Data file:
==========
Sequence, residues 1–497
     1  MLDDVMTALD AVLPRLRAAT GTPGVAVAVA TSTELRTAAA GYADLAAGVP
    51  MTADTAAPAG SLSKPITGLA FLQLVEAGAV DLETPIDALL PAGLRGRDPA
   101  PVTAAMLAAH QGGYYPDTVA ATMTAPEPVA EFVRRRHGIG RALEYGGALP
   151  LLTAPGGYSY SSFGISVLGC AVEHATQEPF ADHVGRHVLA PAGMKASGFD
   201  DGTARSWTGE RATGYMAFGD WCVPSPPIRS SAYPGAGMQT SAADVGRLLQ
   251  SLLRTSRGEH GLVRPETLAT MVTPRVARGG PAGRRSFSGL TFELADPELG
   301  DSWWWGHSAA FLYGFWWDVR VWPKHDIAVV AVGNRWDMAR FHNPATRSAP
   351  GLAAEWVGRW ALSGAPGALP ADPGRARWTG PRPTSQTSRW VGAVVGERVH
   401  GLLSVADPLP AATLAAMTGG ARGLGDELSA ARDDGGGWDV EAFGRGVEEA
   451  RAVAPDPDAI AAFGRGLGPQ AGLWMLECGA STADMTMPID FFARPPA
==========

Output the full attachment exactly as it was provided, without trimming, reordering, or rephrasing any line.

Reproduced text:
Sequence, residues 1–497
     1  MLDDVMTALD AVLPRLRAAT GTPGVAVAVA TSTELRTAAA GYADLAAGVP
    51  MTADTAAPAG SLSKPITGLA FLQLVEAGAV DLETPIDALL PAGLRGRDPA
   101  PVTAAMLAAH QGGYYPDTVA ATMTAPEPVA EFVRRRHGIG RALEYGGALP
   151  LLTAPGGYSY SSFGISVLGC AVEHATQEPF ADHVGRHVLA PAGMKASGFD
   201  DGTARSWTGE RATGYMAFGD WCVPSPPIRS SAYPGAGMQT SAADVGRLLQ
   251  SLLRTSRGEH GLVRPETLAT MVTPRVARGG PAGRRSFSGL TFELADPELG
   301  DSWWWGHSAA FLYGFWWDVR VWPKHDIAVV AVGNRWDMAR FHNPATRSAP
   351  GLAAEWVGRW ALSGAPGALP ADPGRARWTG PRPTSQTSRW VGAVVGERVH
   401  GLLSVADPLP AATLAAMTGG ARGLGDELSA ARDDGGGWDV EAFGRGVEEA
   451  RAVAPDPDAI AAFGRGLGPQ AGLWMLECGA STADMTMPID FFARPPA